Proper wound care should be performed in order to prevent an infection. In addition, a scar sheet that is silicone-based should be applied as soon as possible to the wounded area on the body. In addition, the massaging of the scar tissue using a silicone gel is also helpful when trying to prevent a keloid scar from forming. If an ear piercing shows the skin in the piercing area is starting to thicken, the piercing should be removed and then replaced with a pressure earring.

Keloid Scars – Getting Rid of Them

There are some suggestions for home remedies to heal keloids, but the best advice is to schedule an appointment with a medical professional who is experienced in treating this condition.

For example, many dermatologists offer steroid injections that, after multiple treatments, can decrease the amount of thickness of keloid scars. Plus, laser and light-based therapies such as CO2 lasers and LED light therapies have been shown to improve their appearance.

If someone thinks they have a keloid or they are afraid that one is going to occur, the patient should consult with a dermatologist in order to address the issue with proper medical treatment. It is hard to predict when they will happen, and it is also hard to sometimes determine the extent of the keloid scar. An experienced doctor can examine the impacted area in order to determine the best course of action in treating the scarring.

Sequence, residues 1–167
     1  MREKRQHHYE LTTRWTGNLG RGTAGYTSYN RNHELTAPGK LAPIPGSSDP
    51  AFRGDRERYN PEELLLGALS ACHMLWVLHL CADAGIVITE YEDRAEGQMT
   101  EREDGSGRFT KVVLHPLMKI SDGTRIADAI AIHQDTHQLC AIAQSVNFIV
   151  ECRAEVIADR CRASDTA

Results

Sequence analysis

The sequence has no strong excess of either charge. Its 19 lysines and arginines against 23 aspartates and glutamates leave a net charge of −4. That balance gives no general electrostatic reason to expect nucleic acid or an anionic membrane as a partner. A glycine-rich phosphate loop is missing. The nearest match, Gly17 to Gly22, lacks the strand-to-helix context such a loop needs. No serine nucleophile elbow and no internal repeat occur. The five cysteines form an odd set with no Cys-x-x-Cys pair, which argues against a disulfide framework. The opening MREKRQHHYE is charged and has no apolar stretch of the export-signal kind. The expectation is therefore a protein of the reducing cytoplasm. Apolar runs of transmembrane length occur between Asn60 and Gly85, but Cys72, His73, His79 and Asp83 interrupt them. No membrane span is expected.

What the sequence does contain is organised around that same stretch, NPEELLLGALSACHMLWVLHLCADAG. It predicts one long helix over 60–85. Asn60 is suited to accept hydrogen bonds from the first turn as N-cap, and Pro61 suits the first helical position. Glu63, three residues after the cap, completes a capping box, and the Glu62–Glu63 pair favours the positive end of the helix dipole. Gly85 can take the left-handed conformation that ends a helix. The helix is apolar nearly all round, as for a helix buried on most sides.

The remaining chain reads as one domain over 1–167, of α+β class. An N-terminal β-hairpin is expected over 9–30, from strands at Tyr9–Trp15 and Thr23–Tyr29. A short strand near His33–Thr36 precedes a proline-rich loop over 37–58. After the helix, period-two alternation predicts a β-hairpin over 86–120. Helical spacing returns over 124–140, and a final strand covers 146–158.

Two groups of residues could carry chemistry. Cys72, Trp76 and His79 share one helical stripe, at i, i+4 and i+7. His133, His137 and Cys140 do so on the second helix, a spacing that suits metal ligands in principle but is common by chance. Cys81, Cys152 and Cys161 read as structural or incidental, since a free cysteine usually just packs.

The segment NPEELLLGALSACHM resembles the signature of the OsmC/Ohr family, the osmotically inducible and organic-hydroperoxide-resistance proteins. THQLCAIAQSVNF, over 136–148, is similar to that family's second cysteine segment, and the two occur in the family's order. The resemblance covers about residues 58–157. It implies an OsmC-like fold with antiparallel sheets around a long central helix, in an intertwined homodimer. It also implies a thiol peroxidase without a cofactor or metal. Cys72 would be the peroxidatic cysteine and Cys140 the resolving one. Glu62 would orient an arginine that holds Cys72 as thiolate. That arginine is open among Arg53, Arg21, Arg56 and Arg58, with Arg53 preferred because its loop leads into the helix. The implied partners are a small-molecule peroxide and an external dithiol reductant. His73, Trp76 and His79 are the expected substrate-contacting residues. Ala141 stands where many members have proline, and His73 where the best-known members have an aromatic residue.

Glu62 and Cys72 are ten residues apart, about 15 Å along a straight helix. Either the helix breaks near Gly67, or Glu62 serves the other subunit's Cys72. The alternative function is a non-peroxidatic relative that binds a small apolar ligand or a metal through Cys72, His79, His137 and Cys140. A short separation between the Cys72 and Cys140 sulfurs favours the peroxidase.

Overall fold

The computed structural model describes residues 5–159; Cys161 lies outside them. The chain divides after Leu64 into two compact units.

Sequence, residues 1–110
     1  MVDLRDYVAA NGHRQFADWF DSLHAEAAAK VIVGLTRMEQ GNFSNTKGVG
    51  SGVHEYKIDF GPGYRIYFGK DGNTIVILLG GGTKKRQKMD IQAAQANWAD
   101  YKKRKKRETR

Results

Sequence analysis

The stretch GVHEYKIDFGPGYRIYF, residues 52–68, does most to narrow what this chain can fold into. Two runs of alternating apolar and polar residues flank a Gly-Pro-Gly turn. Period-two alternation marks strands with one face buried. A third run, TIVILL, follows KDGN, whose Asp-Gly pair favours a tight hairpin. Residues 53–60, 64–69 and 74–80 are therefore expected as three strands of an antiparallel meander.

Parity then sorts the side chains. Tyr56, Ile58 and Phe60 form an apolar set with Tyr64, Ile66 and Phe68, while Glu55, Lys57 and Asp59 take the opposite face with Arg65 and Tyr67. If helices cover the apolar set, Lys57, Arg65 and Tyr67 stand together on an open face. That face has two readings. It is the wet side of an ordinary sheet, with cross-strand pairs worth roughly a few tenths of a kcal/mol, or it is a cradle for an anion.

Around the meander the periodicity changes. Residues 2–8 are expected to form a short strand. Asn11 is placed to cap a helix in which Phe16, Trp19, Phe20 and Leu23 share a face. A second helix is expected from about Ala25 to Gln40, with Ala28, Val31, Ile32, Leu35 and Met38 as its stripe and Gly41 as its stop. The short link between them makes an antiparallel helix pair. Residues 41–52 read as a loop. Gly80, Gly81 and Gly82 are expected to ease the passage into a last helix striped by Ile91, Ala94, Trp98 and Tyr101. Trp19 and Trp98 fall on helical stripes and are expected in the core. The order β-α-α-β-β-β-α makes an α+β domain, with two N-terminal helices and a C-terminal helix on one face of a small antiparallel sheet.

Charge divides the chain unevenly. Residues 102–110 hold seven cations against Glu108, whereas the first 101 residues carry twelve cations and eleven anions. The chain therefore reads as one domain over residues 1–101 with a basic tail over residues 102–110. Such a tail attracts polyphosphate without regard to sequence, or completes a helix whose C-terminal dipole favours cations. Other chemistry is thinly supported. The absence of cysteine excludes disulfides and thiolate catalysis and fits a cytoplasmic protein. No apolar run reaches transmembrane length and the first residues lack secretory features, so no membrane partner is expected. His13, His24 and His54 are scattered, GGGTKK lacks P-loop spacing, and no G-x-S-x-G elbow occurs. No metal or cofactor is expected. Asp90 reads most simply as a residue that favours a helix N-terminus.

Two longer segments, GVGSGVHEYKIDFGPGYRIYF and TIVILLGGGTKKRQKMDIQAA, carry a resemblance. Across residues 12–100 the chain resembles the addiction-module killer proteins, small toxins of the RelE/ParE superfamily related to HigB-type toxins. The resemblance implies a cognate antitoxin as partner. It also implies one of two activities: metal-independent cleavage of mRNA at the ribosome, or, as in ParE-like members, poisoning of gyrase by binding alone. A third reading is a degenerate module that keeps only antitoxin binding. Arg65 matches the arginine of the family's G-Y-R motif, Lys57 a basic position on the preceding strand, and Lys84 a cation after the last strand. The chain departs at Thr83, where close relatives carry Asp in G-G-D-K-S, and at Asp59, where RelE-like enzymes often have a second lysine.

There have even been some instances where resistant keloids have been treated via intralesional treatments with surgery, off-label chemotherapy products and radiation therapy to address the issue. These are

serious treatment options that need to be discussed with a medical professional before a final decision is made about utilizing them to address the keloid scarring on the skin.

Collagen Injections for Scars

Collagen is the most abundant protein in the body, and it is found in the skin, bones, and cartilage of a person. Patients often decide to have collagen injections in order to replenish the natural collagen in the skin as well as treat the appearance of scars on the body.

Let’s take a look at what is involved in collagen injections and how they can help reduce and improve the appearance of scars.

Collagen Injections Explained

In general, collagen injections are a cosmetic procedure that is performed by placing collagen under the skin to give the treated area a smoother and plumper appearance. The collagen injection can be made of human collagen, or it can be made of bovine collagen. In addition to improving the appearance of scars, collagen can provide a smoother and more youthful look to facial areas such as the eyes (crow’s feet), forehead and mouth (frown lines).

Collagen Injections for Scars – Options for Patients